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Men’s Health Month: Talking About Sex and Intimacy

Sexual health is a topic that can sometimes be overlooked or hard to talk about. For Men’s Health Month, we are dedicating time to highlight the changes that may result from prostate cancer treatment.

We asked the community how prostate cancer has impacted their sex lives and relationships. Respondents, including both survivors and caregivers, anonymously reported how they are coping.

New romantic partners

No matter if you are in a long-term relationship or dating, talking about prostate cancer and the sexual side effects can be a challenge. It may never feel like the right time, and that right time can differ from person to person.

53% of respondents recommended bringing up their PCa after talking with a new romantic partner a few times.

Of the survey respondents, 25% said they recommend mentioning prostate cancer to a new partner early on. Sixteen percent said it’s good to wait closer to a month or 2 months. Four percent recommended waiting as long as possible.

Patients talking about it

Some who have faced prostate cancer reported feeling like a burden to their partners, while others said their relationships had changed for the better. Whether you are comfortable talking about sexual changes or not, it can still feel overwhelming to open up.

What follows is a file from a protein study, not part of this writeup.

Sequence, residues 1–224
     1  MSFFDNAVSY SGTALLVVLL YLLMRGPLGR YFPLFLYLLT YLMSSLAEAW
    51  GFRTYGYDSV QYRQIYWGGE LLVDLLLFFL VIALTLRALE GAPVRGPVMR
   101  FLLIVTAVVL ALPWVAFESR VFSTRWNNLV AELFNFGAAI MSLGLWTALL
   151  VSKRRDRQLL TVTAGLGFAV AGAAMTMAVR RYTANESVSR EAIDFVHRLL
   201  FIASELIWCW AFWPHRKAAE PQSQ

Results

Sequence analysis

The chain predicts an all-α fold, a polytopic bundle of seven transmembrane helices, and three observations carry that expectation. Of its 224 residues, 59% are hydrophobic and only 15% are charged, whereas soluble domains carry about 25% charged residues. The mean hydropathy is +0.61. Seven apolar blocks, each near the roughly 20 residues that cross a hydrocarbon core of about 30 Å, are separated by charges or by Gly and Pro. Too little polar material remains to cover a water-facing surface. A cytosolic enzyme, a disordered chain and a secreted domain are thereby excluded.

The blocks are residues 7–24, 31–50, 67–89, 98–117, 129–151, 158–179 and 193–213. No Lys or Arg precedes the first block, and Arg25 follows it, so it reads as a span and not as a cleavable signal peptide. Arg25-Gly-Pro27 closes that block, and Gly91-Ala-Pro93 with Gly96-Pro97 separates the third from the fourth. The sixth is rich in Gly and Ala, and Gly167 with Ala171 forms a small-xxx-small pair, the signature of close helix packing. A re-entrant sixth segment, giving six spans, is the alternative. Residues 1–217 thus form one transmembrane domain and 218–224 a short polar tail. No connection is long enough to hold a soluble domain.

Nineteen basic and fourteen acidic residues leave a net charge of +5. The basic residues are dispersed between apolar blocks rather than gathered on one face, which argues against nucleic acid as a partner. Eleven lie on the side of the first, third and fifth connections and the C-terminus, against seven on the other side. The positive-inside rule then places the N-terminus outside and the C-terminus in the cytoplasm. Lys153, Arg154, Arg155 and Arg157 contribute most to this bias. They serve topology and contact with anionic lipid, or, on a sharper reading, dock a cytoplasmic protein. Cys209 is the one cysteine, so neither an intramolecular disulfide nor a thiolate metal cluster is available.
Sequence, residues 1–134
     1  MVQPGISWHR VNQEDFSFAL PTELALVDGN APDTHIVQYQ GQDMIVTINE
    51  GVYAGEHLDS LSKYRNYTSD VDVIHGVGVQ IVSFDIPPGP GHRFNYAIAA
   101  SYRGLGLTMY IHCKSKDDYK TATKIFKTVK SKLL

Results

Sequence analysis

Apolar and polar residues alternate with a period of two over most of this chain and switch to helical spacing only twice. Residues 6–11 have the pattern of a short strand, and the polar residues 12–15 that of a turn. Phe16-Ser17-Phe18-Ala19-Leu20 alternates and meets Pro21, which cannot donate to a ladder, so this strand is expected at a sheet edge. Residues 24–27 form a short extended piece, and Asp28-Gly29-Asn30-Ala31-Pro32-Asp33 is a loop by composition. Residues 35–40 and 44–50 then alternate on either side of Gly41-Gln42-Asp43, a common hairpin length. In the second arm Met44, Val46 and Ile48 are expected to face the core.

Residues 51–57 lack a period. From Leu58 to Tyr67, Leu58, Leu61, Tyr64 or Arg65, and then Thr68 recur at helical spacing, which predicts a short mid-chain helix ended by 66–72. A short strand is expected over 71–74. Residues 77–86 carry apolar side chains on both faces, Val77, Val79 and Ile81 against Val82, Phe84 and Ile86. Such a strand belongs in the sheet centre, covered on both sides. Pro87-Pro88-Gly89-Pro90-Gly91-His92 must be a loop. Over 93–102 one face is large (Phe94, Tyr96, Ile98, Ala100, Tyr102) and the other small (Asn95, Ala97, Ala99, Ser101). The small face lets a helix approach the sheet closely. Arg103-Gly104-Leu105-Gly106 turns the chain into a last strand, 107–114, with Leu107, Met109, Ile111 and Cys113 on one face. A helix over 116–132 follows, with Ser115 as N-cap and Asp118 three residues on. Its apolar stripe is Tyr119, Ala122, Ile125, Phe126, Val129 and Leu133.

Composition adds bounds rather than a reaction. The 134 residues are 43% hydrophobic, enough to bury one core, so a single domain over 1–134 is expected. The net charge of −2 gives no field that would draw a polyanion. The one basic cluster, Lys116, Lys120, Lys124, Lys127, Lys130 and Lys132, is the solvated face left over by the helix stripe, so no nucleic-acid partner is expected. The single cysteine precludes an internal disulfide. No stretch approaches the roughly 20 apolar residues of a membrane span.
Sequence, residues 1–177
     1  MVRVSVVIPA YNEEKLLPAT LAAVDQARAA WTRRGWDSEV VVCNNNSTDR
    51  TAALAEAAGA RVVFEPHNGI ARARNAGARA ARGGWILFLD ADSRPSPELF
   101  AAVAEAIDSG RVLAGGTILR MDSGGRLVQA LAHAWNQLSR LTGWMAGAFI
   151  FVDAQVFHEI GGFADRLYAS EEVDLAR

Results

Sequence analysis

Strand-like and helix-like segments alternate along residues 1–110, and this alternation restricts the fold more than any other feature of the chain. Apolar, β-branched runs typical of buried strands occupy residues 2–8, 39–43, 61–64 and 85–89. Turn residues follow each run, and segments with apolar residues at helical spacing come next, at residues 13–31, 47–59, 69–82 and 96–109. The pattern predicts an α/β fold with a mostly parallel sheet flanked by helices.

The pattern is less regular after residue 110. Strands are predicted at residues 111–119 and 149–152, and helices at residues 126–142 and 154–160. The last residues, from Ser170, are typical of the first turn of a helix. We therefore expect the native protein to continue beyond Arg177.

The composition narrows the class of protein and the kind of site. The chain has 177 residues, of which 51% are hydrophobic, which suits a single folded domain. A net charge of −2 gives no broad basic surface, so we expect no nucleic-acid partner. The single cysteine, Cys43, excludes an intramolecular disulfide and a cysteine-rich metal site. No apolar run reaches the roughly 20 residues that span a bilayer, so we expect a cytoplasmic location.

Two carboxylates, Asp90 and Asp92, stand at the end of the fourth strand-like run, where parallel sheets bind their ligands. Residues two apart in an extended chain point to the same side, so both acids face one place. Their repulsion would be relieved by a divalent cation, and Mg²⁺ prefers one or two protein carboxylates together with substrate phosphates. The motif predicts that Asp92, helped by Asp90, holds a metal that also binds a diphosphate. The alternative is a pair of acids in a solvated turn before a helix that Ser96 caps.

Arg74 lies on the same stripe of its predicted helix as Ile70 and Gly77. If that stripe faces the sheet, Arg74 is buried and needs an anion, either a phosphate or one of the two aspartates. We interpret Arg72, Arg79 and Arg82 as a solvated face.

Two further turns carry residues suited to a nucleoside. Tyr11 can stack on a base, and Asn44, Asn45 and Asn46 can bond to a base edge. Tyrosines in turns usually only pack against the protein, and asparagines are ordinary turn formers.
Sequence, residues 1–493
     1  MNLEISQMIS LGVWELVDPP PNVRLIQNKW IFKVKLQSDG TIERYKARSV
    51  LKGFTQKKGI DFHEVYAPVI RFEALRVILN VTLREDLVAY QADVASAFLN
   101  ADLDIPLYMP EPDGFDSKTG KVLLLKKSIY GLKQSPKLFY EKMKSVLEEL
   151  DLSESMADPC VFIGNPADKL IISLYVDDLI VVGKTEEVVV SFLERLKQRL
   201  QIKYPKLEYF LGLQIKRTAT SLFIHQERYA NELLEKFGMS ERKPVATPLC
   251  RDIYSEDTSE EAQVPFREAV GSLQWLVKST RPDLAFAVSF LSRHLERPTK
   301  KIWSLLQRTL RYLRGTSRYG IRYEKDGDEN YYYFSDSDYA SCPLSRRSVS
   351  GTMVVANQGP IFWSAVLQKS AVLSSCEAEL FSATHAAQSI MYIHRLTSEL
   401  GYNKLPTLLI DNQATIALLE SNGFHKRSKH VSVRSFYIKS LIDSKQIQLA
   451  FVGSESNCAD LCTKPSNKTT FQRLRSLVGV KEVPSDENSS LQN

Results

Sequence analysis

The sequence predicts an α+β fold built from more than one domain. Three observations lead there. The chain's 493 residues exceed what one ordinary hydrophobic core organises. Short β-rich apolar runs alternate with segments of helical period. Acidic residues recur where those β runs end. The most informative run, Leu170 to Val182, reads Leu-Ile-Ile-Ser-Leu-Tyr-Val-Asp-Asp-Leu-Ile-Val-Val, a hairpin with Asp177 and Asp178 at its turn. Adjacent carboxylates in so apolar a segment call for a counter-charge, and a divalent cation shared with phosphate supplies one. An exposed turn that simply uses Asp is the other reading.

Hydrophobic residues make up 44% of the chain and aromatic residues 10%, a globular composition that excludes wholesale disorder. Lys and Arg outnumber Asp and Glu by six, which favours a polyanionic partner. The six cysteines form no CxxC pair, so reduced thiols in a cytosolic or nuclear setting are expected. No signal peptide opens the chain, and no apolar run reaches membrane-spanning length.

71% of respondents felt comfortable talking about physical changes after diagnosis of PCa, 23% did not.

Caregiver partners talking about it

The side effects of prostate cancer treatment don’t just affect the person diagnosed; they can affect spouses and partners, too. When you see your partner struggling with their libido or dysfunction, it can make conversations about sexual needs and desires even more difficult. But talking about it can help open the door to new possibilities for both of you.

58% of caregiver respondents said they were open to talking about their sexual needs.

Learning new tricks

Finding new ways to be intimate may be intimidating. But having open communication about needs, desires, and being open to trying new things, including sex toys, can help revive intimacy between couples. One respondent shared their intimacy advice: “Foreplay is a very important part of sex, especially after surgery. Take your cancer problems out of your head, relax, and love your partner.”

61% of respondents said they were more open to trying new things when it came to sex and intimacy post-PCa diagnosis.

If you have suffered sexual side effects related to prostate cancer or treatment, you are not alone. And it is not just relevant during Men’s Health Month; maintaining sexual health can be as important as managing your physical and mental health. Some people are comfortable talking about these issues, while others are not. What works best will vary from person to person.

If you are comfortable, tell us in the comments below: How have you found ways to deal with sexual health issues related to prostate cancer?

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